Motion and Control

Watch the First Passenger Ship to Use a Rotor Sail

16 April 2018

Viking Line’s M/S Viking Grace has been fitted with a rotor sail for the utilization of wind power, becoming the world’s first passenger ship to feature the technology. The rotor sail developed by Finnish company Norsepower Viking Line’s M/S Viking Grace has been fitted with a rotor sail for the utilization of wind power, becoming the world’s first passenger ship to feature the technology. Source: Viking LineViking Line’s M/S Viking Grace has been fitted with a rotor sail for the utilization of wind power, becoming the world’s first passenger ship to feature the technology. Source: Viking LineOy is expected to cut fuel consumption and also reduce carbon dioxide emissions by as much as 900 metric tons annually.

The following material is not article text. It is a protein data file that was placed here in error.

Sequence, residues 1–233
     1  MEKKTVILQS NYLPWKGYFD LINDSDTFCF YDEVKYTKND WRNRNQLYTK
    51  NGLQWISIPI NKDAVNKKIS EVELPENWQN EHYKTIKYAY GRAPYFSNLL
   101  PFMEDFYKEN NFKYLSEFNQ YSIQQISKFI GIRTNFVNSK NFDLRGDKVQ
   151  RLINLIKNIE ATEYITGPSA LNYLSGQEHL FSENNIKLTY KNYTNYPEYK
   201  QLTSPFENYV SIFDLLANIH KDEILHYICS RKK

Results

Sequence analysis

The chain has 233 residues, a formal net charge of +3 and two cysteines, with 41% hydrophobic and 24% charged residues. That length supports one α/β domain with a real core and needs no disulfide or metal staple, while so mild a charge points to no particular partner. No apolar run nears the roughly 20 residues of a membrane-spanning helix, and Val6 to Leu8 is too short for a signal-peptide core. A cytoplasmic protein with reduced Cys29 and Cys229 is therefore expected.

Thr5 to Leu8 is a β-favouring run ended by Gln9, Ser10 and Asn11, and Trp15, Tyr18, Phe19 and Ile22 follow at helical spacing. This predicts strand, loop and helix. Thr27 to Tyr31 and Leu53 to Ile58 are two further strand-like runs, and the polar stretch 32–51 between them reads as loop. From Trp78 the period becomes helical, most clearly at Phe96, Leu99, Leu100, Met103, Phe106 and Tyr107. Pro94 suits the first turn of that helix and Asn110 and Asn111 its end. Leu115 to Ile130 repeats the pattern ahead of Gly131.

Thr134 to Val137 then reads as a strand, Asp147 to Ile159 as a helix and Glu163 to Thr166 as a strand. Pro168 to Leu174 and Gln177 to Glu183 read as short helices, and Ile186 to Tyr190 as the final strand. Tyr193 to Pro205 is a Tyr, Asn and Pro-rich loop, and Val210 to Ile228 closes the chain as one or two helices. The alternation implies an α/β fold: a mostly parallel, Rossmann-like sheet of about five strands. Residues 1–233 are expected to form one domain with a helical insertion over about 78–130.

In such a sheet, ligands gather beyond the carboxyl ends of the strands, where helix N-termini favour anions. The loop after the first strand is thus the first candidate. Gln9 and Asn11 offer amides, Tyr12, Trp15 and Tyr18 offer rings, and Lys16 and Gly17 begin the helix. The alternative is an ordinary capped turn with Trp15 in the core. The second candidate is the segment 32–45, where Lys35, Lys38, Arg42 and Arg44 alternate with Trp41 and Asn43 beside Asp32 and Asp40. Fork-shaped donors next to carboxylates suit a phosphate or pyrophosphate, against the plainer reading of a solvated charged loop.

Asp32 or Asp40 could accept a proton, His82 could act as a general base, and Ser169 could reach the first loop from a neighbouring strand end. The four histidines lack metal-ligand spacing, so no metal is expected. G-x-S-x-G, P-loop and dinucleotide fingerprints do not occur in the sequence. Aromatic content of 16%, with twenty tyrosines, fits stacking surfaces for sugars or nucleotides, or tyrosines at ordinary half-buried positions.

The unit is nearly 24 m (79 feet high) and about 4 m (13 feet) in diameter, and is automated: it will shut down if there are disadvantageous changes in the wind’s force or direction. The cylindrical rotor sail is a modernized version of the Flettner rotor — a spinning cylinder that uses the Magnus effect to harness wind power to propel a ship.

The LNG-fueled Viking Grace is now deployed on wind-assisted voyages between Turku, Finland, and Stockholm, Sweden. Viking Line plans to install two Norsepower Rotor Sails onboard a new-build cruise ferry vessel that is currently being built in China and due to be operational in 2020.

To contact the author of this article, email sue.himmelstein@ieeeglobalspec.com


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